Clarinettist Arun Ghosh‘s event at the Southbank Centre in April is all about fusion. Playing as part of the Alchemy Festival, which celebrates the convergence of UK and Indian South Asian culture, the Cine-Concert also merges film and music in an unusual way. Ghosh and his musicians will perform his score to Lotte Reiniger’s pioneering animation The Adventures of Prince Achmed (1926) – and as they play, their silhouettes will be projected on to the screen, mingling with Reiniger’s animated cut-outs. What’s more, the soundtrack itself takes inspiration from a diverse range of musical and cinematic references:

Ghosh’s revitalised score – written for clarinet, bass clarinet, double bass, vibraphone, cello and percussion – draws upon the cinematic orchestration styles of retro 70s blaxploitation, Bollywood melodrama, classic westerns, and the infamous Hammer horror films, with elements of hip-hop, jazz and traditional Middle Eastern sounds.

It might not be a traditional silent film screening, but it promises to be a fascinating night out. After the film-performance, there will be further live performances in the Front Room at the Queen Elizabeth Hall – these too will have been curated by Ghosh.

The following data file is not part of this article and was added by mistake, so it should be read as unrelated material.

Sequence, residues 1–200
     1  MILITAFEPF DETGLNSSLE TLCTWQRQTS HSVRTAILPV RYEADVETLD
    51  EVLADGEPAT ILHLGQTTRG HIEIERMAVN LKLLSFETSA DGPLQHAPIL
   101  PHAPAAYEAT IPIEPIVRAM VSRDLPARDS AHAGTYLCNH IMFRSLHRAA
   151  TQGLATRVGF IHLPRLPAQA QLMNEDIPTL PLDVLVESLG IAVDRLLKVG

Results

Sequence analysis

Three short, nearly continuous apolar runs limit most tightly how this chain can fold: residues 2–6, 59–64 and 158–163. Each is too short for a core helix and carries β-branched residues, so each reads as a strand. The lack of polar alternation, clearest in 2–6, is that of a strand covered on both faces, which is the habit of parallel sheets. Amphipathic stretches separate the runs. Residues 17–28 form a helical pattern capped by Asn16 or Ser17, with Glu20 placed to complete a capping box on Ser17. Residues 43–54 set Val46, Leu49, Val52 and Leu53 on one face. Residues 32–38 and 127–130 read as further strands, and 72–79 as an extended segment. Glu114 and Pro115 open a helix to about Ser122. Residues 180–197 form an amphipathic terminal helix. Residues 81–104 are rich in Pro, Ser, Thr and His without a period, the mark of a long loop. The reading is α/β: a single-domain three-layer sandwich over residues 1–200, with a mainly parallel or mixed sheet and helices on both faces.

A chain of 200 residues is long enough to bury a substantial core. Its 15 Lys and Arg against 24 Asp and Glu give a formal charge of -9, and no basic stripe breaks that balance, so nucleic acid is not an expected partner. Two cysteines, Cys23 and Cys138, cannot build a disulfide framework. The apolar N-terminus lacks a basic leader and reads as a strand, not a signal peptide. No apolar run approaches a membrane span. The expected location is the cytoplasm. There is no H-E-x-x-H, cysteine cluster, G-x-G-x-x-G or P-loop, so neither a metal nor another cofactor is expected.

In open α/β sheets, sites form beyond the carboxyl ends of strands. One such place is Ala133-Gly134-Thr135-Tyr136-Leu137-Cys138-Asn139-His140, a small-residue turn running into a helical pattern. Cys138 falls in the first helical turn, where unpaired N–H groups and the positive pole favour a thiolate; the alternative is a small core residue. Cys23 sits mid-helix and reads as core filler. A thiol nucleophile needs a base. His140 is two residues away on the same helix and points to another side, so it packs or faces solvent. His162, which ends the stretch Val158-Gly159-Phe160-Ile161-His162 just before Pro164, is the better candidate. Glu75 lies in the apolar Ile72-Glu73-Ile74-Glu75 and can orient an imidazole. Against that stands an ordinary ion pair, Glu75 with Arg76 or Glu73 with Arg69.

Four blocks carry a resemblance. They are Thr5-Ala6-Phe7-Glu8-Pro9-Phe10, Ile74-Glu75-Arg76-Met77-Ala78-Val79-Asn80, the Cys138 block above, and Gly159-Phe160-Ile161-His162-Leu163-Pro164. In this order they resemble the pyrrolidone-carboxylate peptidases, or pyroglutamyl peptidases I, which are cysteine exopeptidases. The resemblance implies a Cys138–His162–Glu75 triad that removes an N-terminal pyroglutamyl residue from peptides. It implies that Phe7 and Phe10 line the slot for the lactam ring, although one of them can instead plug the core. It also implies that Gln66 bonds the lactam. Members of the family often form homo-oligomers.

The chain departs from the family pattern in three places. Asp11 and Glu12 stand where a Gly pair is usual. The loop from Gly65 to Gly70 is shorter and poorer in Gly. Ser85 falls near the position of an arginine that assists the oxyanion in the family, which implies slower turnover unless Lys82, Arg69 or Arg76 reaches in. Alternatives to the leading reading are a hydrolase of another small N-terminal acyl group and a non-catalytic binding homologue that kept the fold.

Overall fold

Arun Ghosh Cine-Concert: The Adventures of Prince Achmed plays at the Purcell Room on Saturday 23 April 2011. Ticket prices £13 or less for concessions and they are available here.

The Passion of Joan of Arc, Queen Elizabeth Hall, 28 April 2011

The Passion of Joan of Arc (1928)
The Passion of Joan of Arc (1928)

I hoped this might happen: a standalone performance of Adrian Utley and Will Gregory’s score for Dreyer’s The Passion of Joan of Arc (1928), as a warmup to the screening at the I’ll Be Your Mirror Festival in July. It’s a staggeringly powerful film, with an unforgettable performance by Falconetti in the title role. If you’ve never seen it, I urge you to do so.

This score, which involves rock guitars, a choir and an orchestra, promises to be of a suitably epic scale and has been reviewed well. It was commissioned by Colston Hall in Bristol and premiered there last May. This, its first London performance, is part of the Ether Festival, a celebration of “innovation, art, technology and cross-arts experimentation”. You might also be interested in another event in the festival: a live soundtrack by the Philharmonia Orchestra and Philharmonia Voices to Kubrick’s 2011: A Space Odyssey in the Royal Festival Hall.

The Passion of Joan of Arc screens at the Queen Elizabeth Hall, Southbank on 28 April 2011 at 7.30pm. Tickets are available here. You can watch a video about the development of the score here.